There is also the fact that the housing stock there is more suited to western tastes. Kitchens don’t appear to be “afterthoughts” and the possibility of getting one with a real full-size oven can be finally realized along with lots of counter and storage space. (“Be still, my beating heart!”) I also like the idea of having an outdoor private balcony and access to an outdoor pool. These are items almost unheard of in Xi’an (or Beijing).

If I do end up there, those who have been considering a trip to Asia, plan on a visit. China can feel overwhelming due to its size and of the many places to choose to visit. Vietnam is much easier to navigate. As Nancy, Sophie and I demonstrated in December, you can see a lot of the country in less than two weeks.

In the meantime, enjoy a mish-mash of photos in no particular order from my recent four days there. One last thought on “Trump’s Pecker is in a wringer,” (honestly, I can’t write that enough!) won’t we all be greatly amused when Pecker turns against Trump who will, in turn, turn against Pecker and regale us all with how he will henceforth refer to his former friend with the unfortunate last name of Pecker. Come to think of it, apparently, I can’t write “Pecker” enough, too. HIs new moniker will certainly be more hilarious than “Jeff Bozo.”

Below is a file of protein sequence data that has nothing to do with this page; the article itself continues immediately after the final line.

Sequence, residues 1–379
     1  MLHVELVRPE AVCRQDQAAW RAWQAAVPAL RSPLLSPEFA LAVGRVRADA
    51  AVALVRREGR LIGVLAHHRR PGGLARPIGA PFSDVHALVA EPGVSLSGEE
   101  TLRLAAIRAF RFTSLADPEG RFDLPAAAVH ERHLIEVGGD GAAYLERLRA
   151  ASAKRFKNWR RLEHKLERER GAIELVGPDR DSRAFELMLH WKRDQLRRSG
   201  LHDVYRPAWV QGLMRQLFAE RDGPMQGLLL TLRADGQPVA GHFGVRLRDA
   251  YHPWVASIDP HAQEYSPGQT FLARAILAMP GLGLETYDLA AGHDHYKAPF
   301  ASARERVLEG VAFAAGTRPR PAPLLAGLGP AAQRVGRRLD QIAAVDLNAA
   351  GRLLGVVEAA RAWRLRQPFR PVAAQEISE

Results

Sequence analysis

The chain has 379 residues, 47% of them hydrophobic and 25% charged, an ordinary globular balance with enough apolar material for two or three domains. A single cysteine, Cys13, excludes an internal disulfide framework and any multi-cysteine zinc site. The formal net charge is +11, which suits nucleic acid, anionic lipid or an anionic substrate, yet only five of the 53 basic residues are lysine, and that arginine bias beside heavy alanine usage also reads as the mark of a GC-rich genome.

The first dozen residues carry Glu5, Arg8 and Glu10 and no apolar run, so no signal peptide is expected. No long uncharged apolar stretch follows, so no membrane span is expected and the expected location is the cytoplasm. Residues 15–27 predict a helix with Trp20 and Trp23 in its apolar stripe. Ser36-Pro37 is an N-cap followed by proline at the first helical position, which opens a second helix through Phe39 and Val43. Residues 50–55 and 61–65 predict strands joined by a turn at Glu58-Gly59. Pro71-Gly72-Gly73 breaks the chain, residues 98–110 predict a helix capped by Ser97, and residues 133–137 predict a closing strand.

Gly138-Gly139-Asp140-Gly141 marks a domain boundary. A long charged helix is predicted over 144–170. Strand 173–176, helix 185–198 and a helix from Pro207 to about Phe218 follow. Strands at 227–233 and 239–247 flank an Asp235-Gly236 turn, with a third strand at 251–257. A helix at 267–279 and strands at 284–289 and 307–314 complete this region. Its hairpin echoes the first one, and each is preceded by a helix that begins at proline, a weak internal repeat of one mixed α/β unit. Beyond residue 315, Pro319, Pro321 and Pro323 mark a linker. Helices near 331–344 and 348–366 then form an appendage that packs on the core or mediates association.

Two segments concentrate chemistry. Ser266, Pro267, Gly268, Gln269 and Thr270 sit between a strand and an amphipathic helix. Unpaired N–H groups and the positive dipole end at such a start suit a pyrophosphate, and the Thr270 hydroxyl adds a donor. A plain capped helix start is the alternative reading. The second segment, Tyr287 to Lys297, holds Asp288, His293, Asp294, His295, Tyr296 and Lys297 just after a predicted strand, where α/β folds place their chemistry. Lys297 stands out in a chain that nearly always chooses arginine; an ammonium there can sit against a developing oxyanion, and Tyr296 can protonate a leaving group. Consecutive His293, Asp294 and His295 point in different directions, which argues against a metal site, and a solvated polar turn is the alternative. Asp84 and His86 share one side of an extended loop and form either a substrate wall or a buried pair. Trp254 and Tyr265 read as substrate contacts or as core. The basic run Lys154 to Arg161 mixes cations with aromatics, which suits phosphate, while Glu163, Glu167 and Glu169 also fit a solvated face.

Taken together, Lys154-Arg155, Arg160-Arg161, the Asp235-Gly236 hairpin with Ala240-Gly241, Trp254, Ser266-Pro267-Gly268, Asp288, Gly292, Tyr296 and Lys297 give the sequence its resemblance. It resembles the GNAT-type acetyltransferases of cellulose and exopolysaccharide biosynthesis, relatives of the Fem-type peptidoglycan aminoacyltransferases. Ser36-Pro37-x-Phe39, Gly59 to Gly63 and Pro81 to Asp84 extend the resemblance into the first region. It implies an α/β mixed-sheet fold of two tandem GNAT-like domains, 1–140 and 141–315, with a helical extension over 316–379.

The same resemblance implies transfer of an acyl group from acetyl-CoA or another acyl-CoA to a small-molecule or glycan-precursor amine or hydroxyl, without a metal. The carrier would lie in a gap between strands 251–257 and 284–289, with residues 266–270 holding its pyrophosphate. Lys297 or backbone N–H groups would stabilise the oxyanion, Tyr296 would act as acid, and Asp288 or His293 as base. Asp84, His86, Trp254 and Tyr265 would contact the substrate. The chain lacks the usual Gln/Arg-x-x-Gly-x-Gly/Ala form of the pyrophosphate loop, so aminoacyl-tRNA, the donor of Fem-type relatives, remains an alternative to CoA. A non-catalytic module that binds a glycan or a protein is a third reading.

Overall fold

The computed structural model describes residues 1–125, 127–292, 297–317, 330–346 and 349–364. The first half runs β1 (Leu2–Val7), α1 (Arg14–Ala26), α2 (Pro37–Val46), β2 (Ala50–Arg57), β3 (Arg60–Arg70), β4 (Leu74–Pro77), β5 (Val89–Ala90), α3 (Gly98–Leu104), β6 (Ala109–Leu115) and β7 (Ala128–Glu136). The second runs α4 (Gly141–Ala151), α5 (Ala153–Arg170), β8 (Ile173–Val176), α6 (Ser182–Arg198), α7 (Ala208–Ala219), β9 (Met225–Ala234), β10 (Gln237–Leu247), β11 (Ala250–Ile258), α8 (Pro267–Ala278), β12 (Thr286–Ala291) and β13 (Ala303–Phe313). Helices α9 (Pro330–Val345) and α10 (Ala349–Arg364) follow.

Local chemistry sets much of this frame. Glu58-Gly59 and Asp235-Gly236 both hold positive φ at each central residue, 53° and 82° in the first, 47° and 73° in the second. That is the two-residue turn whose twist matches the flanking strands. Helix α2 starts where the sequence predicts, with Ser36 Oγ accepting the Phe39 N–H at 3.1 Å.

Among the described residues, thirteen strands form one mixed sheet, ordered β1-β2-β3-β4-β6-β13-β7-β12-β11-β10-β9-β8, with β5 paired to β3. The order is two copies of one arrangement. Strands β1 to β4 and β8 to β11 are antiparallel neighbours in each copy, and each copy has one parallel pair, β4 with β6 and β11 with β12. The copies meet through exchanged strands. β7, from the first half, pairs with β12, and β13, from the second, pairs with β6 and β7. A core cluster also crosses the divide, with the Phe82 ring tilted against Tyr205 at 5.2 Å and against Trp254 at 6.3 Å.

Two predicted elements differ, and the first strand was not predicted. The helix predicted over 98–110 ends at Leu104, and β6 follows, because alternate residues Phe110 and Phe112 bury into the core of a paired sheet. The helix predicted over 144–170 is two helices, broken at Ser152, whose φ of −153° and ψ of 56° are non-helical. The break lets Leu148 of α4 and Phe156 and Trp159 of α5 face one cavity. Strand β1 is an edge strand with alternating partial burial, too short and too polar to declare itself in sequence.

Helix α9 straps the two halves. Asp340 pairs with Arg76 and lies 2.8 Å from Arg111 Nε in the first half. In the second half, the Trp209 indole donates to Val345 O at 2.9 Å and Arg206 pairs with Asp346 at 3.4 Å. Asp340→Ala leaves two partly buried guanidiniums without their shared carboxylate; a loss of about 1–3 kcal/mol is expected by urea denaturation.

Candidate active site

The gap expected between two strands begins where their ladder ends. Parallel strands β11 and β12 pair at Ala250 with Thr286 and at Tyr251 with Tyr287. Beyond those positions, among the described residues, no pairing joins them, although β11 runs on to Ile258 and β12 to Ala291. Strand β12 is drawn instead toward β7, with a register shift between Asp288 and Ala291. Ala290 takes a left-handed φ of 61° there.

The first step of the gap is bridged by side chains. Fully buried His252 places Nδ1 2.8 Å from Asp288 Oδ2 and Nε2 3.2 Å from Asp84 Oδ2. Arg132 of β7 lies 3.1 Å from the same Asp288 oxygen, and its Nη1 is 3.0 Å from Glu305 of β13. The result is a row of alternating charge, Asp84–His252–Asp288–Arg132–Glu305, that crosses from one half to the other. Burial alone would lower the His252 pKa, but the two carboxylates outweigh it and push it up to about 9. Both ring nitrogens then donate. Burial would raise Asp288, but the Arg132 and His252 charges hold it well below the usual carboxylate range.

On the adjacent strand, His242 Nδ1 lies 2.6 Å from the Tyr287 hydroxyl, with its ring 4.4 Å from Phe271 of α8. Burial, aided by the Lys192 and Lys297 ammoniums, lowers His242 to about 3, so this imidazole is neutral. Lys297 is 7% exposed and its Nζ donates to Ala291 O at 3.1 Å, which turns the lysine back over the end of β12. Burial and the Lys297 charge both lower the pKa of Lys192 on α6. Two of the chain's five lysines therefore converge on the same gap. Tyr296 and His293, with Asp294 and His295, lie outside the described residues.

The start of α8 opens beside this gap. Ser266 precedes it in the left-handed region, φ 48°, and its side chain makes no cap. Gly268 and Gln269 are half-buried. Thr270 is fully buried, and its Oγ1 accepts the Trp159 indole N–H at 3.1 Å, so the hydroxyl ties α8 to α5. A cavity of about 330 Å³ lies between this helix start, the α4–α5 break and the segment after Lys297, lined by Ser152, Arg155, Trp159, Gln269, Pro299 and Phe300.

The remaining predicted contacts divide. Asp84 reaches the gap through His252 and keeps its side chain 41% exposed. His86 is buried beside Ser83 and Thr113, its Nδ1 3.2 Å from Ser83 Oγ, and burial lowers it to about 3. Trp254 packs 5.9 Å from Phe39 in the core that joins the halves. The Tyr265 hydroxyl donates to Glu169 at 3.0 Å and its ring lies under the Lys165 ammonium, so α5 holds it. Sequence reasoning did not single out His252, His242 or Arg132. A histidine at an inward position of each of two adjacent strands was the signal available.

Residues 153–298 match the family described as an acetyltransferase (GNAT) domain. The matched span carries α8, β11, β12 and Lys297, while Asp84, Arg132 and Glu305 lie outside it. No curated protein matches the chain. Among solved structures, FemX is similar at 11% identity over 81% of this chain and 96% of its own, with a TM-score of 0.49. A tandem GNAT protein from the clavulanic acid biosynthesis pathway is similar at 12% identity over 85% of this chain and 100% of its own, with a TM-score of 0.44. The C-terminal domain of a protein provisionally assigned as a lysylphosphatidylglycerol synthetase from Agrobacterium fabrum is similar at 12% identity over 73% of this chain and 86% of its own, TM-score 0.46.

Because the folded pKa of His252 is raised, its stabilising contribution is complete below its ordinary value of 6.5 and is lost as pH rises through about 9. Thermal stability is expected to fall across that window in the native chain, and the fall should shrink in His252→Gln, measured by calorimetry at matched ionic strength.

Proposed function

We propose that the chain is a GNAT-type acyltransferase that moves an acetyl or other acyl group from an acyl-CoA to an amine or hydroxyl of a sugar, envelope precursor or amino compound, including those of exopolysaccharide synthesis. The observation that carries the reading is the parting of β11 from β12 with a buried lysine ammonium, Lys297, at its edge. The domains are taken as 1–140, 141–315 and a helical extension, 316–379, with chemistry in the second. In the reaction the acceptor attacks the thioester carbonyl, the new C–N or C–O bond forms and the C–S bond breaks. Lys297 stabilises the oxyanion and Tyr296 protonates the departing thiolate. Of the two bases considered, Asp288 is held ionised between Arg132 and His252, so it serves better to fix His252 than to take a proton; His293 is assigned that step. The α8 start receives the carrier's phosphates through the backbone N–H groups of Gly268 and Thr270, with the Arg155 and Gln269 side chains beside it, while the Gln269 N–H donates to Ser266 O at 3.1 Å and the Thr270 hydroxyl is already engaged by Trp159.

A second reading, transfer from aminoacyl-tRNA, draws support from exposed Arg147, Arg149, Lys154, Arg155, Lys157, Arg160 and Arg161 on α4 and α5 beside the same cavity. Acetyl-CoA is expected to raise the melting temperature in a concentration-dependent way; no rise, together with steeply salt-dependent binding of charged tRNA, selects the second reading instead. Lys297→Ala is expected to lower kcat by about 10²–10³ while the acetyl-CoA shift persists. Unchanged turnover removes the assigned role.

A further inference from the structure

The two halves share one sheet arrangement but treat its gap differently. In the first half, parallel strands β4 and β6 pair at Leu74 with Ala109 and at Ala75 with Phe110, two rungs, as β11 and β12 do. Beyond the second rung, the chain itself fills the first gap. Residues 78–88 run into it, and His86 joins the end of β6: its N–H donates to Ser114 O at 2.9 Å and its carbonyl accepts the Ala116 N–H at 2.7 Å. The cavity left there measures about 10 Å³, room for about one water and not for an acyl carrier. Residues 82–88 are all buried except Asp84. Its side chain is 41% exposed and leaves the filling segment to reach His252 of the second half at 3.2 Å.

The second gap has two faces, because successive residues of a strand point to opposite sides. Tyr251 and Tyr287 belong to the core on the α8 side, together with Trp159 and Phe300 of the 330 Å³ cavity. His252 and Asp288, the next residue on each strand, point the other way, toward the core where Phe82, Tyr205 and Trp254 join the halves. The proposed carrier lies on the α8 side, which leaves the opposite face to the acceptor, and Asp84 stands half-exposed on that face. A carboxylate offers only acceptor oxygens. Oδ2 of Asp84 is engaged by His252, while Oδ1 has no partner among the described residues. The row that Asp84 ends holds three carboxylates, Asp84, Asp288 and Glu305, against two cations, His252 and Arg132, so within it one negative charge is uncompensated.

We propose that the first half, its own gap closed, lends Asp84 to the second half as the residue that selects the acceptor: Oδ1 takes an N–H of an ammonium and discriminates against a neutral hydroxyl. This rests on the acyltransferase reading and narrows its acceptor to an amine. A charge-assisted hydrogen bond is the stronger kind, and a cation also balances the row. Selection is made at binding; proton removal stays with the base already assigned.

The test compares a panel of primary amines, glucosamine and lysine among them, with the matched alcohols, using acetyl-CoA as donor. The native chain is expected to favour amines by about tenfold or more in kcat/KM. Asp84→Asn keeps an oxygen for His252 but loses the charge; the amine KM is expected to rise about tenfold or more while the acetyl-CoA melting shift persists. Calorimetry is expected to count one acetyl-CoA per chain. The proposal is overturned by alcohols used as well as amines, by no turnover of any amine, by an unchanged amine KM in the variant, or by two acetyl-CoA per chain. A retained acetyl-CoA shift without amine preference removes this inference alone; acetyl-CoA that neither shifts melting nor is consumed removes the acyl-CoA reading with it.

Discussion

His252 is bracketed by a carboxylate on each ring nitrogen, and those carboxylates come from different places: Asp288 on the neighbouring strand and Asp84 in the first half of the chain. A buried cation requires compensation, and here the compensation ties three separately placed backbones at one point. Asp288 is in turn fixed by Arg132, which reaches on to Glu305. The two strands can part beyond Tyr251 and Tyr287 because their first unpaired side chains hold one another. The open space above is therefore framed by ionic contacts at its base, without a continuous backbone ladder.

I find the “hammer and sickle” to be a fascinating and compelling symbol. It evokes strong emotions from many people, particularly in my age group (and older) and especially me because of my interest in history and social movements. Unlike Beijing and Xi’an, you see this symbol all over HCMC (and Hanoi) which is noteworthy, in of itself. For me, it’s simultaneously hypnotic and vaguely threatening.